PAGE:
Mark Forman will leave OMB for private sector

Mark Forman, administrator of e-government and IT, will be leaving his Office of Management and Budget post next week for an industry job.

Forman's office would only confirm he is leaving for the private sector but wouldn't say where he would be going. His last day is Aug. 15. (Click here to read a transcript of Forman's July 22 live, online forum with Washington Technology)

"The administration remains fully committed to the e-government component and every initiative of the President's Management Agenda. OMB will continue to press forward on the president's e-government initiatives and improve the government's use of IT. Mark Forman has served the administration and taxpayers well," OMB spokesman Trent Duffy said.

OMB chief technology officer Norm Lorentz will be acting administrator for E-Government and IT, OMB said.

Forman, the e-government czar, was hired in June 2001 to shepherd President Bush's e-gov agenda.

Over the past two years, he has overseen development of the 25 Quicksilver initiatives to push agencies to become more citizen-focused, the development of a federal enterprise architecture, the consolidation of hardware and software purchases, and the use of business cases to justify agency IT budgets.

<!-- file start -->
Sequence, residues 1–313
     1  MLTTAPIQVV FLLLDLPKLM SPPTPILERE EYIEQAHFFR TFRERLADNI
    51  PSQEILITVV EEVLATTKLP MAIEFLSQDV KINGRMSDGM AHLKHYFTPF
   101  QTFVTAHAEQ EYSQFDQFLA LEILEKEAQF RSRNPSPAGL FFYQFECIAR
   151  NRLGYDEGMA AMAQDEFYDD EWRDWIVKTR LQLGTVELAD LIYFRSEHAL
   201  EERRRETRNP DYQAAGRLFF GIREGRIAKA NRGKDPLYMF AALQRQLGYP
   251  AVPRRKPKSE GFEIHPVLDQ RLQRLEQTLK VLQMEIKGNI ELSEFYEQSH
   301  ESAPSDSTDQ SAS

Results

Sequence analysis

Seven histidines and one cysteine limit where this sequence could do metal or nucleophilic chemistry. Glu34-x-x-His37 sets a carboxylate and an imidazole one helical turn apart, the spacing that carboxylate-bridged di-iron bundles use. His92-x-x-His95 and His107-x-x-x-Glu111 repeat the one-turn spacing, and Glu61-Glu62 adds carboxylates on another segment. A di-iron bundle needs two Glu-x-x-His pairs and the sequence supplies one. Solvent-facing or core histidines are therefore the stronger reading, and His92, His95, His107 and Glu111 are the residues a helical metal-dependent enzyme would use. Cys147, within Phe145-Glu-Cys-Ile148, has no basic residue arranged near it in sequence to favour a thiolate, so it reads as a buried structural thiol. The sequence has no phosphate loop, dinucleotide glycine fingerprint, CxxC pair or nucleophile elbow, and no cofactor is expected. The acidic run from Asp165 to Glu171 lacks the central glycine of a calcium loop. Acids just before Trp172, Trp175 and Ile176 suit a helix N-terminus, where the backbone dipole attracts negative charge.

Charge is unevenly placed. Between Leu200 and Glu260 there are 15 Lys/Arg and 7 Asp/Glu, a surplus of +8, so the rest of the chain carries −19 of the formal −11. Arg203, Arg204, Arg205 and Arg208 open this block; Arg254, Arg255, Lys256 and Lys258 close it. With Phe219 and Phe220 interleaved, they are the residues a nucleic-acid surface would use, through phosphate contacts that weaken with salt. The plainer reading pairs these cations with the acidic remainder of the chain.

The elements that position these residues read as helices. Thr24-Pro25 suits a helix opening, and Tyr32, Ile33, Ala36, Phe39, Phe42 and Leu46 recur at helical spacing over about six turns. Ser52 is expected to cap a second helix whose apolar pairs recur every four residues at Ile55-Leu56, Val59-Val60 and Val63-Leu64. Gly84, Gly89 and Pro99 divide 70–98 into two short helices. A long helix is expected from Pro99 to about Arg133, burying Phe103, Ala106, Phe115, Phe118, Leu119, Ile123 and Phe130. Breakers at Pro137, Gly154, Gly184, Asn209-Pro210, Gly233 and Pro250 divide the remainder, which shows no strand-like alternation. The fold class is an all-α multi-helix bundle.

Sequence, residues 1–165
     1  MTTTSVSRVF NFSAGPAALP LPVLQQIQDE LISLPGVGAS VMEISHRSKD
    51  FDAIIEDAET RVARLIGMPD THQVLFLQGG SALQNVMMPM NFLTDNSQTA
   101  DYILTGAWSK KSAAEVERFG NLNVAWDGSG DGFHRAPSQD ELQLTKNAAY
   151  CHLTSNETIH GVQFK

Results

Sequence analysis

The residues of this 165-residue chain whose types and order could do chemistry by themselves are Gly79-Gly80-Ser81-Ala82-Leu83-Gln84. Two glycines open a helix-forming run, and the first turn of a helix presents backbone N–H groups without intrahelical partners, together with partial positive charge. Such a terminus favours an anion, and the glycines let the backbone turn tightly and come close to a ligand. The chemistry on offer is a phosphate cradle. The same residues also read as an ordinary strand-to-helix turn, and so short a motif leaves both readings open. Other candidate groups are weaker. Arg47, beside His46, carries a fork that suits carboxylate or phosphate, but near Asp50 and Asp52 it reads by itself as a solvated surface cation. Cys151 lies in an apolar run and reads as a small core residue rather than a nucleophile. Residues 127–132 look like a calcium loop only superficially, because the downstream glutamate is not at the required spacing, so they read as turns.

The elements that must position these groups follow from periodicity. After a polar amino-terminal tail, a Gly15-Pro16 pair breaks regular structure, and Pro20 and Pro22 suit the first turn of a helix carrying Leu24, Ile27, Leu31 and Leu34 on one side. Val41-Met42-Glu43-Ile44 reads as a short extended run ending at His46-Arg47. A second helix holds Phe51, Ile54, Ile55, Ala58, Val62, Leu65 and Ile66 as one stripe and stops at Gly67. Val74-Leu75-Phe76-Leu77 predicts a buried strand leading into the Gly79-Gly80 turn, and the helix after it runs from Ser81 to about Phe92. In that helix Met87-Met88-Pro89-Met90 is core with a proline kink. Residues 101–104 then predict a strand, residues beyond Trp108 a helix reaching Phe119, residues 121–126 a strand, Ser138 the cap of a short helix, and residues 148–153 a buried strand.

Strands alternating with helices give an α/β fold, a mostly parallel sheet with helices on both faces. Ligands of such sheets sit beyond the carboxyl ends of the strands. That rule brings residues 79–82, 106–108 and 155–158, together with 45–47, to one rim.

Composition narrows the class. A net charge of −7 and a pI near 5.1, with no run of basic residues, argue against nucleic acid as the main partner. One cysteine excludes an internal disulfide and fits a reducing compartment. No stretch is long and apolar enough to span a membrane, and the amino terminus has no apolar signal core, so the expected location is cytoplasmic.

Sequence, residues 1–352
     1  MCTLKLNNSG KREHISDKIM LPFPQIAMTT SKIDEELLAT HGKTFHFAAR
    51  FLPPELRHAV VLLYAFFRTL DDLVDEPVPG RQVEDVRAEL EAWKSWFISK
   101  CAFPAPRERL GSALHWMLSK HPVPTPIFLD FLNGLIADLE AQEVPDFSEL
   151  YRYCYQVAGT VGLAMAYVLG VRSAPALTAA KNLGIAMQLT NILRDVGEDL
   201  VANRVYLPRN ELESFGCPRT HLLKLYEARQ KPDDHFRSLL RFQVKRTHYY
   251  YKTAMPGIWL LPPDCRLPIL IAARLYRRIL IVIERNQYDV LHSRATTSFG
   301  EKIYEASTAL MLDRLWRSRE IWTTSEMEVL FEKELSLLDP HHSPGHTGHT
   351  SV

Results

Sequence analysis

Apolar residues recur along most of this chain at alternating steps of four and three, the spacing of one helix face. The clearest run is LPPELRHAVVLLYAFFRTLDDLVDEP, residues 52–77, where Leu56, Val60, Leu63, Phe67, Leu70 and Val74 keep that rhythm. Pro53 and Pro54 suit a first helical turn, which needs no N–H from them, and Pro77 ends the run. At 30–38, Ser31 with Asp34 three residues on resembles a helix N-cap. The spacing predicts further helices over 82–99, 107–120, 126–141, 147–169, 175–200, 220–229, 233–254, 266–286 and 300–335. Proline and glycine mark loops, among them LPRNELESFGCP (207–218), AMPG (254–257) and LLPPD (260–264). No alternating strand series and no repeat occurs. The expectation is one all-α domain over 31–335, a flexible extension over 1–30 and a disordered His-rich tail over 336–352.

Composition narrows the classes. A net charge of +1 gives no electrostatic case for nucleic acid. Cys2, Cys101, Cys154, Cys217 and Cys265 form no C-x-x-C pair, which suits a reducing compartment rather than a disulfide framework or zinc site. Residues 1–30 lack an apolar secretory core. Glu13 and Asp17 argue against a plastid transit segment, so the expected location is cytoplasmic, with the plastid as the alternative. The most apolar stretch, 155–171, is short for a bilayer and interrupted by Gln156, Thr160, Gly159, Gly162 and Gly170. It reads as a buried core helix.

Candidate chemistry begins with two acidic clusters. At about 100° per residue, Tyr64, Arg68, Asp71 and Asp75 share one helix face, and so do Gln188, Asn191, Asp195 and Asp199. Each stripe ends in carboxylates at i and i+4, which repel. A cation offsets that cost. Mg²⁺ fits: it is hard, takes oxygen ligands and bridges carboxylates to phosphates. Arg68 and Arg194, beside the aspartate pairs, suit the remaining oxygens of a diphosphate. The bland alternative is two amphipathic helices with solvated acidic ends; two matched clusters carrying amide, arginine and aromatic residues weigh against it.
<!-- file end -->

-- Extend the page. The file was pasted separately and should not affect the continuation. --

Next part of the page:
Reps. Tom Davis (R-Va.) and Adam Putnam (R-Fla.), the chairman of the Government Reform Committee and chairman of the Government Reform subcommittee on Technology, Information Policy, Intergovernmental Relations and the Census, respectively, sent a letter to OMB expressing their disappointment that Forman is leaving.

They encouraged director Joshua Bolten to replace him quickly.

The lawmakers said Forman "has been an important motivating factor in the progress that has been achieved in fulfilling the goals and objectives of the President's Management Reform Agenda, while being an agent of change in the technological transformation of the way the federal government conducts it business, both internally and externally."

Forman also has created a strong foundation for agency transformation on which the government can build upon, Davis and Putnam wrote.

The congressmen said Bolten should try to hire someone "who possesses the skill assets and approach that will minimize any transition interruption and will continue to be an effective catalyst in transforming the operations of the federal government."

Before joining OMB, Forman was vice president of electronic business at Unisys Corp. and directed IBM Corp.'s e-government consulting practice. He also previously worked for the General Accounting Office and was a senior professional staff member on the Senate Governmental Affairs Committee, where he helped draft the Clinger-Cohen Act and several other procurement laws.

Jason Miller writes for Government Computer News

(Posted 3:49 p.m. Aug. 5, updated 4:50 p.m.)

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